French Senate adopts a tough immigration bill

The French Senate (the upper chamber of parliament) adopted the draft immigration law presented by Interior Minister Gerald Darmanin by a majority of 210 votes to 115 votes, after some of its provisions were significantly tightened, amid objection from political and human rights groups who considered that passing the law would lead to shrinking foreigners’ rights, and increasing the number of deportations.

It is expected that the draft law will be referred to the General Assembly (House of Representatives) to decide on it as of next December 11 and to complete the voting process on it.

The text, which was submitted for an official vote on Tuesday, November 13, includes items such as canceling the medical aid provided by the state to immigrants, tightening the conditions necessary for “family reunification” system, revoking the “right to land,” and setting immigration quotas every three years.

These provisions were not mentioned in the initial text submitted by the government, which senators significantly amended last week.

The project, which was referred to Parliament after its approval by the Council of Ministers, is considered the second of its kind during the rule of French President Emmanuel Macron, and comes in light of fears expressed by a number of immigrants regarding what is included in the law, while the French government confirms that it does not only aim to strengthen combating irregular migration, but also “protecting the rights of workers and migrants.” According to the “InfoMigrants” website.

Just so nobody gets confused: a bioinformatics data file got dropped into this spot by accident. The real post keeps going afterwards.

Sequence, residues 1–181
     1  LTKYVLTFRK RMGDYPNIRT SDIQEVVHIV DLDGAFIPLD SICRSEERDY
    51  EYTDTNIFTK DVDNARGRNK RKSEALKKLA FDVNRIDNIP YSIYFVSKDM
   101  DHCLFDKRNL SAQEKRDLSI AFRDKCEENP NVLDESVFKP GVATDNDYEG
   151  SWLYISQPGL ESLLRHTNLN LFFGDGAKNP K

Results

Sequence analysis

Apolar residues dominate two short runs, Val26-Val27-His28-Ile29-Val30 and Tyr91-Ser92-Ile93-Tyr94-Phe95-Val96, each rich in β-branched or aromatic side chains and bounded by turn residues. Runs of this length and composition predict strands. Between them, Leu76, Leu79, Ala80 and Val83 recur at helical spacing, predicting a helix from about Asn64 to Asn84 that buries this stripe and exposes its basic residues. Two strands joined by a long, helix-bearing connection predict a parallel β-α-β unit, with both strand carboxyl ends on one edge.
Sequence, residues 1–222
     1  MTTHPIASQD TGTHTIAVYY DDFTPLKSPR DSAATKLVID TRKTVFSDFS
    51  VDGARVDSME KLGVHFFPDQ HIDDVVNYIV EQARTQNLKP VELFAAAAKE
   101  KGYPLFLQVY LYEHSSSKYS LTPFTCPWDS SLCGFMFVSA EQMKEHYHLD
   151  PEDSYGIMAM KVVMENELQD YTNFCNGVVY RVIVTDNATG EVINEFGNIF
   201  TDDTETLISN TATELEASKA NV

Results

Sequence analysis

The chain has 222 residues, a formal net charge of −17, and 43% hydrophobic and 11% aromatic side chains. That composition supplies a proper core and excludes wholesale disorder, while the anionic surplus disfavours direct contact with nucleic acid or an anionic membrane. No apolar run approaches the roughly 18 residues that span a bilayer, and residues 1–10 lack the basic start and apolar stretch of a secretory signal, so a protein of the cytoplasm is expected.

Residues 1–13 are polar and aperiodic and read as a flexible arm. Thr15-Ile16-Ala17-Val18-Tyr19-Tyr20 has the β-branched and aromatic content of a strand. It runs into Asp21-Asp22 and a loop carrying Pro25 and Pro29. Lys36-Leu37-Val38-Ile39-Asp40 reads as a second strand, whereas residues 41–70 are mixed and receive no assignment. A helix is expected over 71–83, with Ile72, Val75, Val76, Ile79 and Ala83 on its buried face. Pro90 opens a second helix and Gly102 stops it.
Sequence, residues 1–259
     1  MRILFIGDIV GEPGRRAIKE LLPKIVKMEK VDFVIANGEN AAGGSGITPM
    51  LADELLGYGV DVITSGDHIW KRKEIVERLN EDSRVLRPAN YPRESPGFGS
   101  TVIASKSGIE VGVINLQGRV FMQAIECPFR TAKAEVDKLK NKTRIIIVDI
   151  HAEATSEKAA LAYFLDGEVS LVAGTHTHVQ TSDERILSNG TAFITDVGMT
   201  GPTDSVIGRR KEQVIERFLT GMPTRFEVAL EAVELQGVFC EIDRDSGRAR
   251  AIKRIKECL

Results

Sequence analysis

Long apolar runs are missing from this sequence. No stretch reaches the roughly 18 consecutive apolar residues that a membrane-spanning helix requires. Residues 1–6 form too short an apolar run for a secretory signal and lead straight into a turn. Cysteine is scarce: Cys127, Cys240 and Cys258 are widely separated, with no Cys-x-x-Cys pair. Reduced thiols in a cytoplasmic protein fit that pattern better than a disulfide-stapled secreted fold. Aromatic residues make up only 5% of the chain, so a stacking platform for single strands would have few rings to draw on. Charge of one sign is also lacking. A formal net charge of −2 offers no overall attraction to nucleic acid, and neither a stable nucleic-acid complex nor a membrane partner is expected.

The new draft immigration law raised concern among a number of agencies and bodies concerned with asylum issues, as they considered that it aims to reduce the rights of foreigners on French soil. In addition to the requirement to know the language and adhere to the principles of the Republic, the law will seek to increase the number of deportations from the country and expel those who are classified as a “threat to public order.”

It also reintroduced the law “to refuse, withdraw or not renew residence permits” for those found not to comply with “the values ​​of the Republic, including gender equality and freedom of sexual orientation…” In addition, law enforcement forces (according to the proposal) would be allowed to use “Coercion to obtain fingerprints and photographs of foreigners residing irregularly in the country.”

Although the draft law includes “harsh” measures against irregular immigrants, the far-right considers it insufficient and considers that it serves the interests of a portion of immigrants.

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